Per Diem in the Convention

April 1, 1868


The state Convention no longer has funds and General Grant declares that the Convention should not continue past April 6th. Even so the Convention has made no progress and simply wasted the money of the struggling Virginian people. The Dispatch agrees that the men of the Convention are incompetent and selfish carrying out the Convention solely to get their daily pay.


Per Diem in the Convention. The statement, or rather confession, of Mr. Clements in the Convention on Monday plainly developed the fact that General Grant had come to the conclusion that that body ought not to be tolerated longer than the 6th of April; which conclusion is a further intimation that they have stayed here a great deal longer than they should have done, and that they have most outrageously wasted the money of a prostrate and impoverished people. General Grant gave the mercenary body another hard hit in saying to them that he had heard that some of their body would stay here as long as they could draw their eight dollars per diem! Most true. But to what an extent of profligacy must this body have carried their proceedings when such a rebuke is plainly and bluntly administered to them by the Radical candidate for the Presidency ? The money committee, according to Mr. Clements, had an oiler of money at 7 per cent, until the 1st of August, or 6 per cent, if the certificates of debt on which the loan should be made were signed by General Schofield and Mr. Auditor Taylor. This plan the committee did not like, and they boldly proposed to suspend the July interest on the State debt that they might get their per diem. So that, after outraging the sense of justice of their own party by an unreasonably long session, they propose to rob the widow and the orphan by taking from them the only resource on earth for procuring food and raiment ! What monstrous wrong is too enormous for these unprincipled men? They are a body of incompetent mercenary white interlopers, the vultures of camps who remained after the war, and ignorant negroes. The people of Virginia must be taxed in a manner they never have been for the expenses of their noblest deliberative assemblies to pay the cost of the work of destruction, and the bread must be taken out of the mouths of hundreds of helpless women and children whose homes have been made desolate by war to pay the cost of the desecration of the capitol by this abominable farce of a deliberative body!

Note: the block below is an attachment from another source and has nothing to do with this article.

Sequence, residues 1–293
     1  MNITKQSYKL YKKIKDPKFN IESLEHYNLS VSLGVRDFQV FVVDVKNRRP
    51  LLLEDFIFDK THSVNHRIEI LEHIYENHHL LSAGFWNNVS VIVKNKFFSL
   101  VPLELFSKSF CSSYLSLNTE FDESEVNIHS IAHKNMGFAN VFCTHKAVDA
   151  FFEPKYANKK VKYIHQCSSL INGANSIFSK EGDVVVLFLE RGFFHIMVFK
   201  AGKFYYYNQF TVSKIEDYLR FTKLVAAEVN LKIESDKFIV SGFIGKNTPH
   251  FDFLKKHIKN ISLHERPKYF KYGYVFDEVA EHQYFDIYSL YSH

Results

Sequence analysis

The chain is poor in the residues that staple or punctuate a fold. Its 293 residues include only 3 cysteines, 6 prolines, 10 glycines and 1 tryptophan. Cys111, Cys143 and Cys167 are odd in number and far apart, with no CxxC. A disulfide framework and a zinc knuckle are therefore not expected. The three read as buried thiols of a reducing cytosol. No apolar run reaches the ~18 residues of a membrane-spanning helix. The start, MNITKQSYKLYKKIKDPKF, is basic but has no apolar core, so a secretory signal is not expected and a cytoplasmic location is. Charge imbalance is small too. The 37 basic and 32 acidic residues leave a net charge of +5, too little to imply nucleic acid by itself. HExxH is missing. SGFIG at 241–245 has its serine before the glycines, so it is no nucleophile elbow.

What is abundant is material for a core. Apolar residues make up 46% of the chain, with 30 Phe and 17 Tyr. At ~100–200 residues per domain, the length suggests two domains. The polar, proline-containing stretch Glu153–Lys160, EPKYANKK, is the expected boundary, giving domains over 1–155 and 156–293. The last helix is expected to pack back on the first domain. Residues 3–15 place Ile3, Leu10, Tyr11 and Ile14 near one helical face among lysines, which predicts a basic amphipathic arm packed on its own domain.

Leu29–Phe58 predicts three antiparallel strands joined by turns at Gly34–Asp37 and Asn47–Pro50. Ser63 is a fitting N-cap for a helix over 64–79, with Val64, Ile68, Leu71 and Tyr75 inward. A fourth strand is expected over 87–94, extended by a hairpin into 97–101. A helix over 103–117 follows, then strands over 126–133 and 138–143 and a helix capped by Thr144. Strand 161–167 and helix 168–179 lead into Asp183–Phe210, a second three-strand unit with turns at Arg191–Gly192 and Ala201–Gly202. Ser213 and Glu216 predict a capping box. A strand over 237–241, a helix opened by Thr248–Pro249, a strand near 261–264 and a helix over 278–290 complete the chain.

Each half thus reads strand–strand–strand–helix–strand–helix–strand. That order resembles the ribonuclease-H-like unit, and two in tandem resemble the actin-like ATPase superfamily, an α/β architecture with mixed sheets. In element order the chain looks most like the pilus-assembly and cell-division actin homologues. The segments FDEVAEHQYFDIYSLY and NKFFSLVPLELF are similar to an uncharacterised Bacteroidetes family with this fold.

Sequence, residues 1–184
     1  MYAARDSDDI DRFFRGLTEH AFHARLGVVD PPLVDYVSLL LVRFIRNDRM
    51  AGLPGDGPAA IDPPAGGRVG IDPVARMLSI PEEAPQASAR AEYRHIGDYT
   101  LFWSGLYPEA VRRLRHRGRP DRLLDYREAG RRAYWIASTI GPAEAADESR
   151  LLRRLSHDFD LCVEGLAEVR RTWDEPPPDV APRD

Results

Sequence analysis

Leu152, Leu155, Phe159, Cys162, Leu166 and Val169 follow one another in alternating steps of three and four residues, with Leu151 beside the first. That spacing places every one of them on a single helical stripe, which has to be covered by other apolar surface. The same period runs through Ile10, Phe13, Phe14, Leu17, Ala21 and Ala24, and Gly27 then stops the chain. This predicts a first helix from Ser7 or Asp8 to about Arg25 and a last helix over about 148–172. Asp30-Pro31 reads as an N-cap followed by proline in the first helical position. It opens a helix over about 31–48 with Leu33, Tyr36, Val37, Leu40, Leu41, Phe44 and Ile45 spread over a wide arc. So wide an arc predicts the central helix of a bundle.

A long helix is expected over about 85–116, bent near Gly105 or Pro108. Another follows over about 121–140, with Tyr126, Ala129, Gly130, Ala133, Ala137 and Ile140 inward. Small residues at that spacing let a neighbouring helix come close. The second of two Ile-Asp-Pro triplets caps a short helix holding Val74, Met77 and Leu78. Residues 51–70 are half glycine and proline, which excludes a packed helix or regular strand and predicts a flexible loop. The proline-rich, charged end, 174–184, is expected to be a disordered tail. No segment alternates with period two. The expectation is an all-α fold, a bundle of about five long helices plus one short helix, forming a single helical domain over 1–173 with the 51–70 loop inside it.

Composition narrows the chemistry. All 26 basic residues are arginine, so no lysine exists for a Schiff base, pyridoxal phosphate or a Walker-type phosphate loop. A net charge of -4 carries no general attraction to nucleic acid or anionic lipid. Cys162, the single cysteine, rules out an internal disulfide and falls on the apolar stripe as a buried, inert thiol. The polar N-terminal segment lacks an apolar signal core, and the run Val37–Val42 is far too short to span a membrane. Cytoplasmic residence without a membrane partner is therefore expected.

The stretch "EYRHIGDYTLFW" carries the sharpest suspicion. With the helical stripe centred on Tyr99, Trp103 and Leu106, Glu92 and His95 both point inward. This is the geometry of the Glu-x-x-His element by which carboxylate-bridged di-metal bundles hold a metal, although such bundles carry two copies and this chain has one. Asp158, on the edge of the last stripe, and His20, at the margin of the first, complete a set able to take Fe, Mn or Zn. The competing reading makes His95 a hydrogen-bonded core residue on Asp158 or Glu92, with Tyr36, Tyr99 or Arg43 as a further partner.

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Mallory Haskins




“Per Diem in the Convention,” Reconstructing Virginia, accessed March 30, 2023,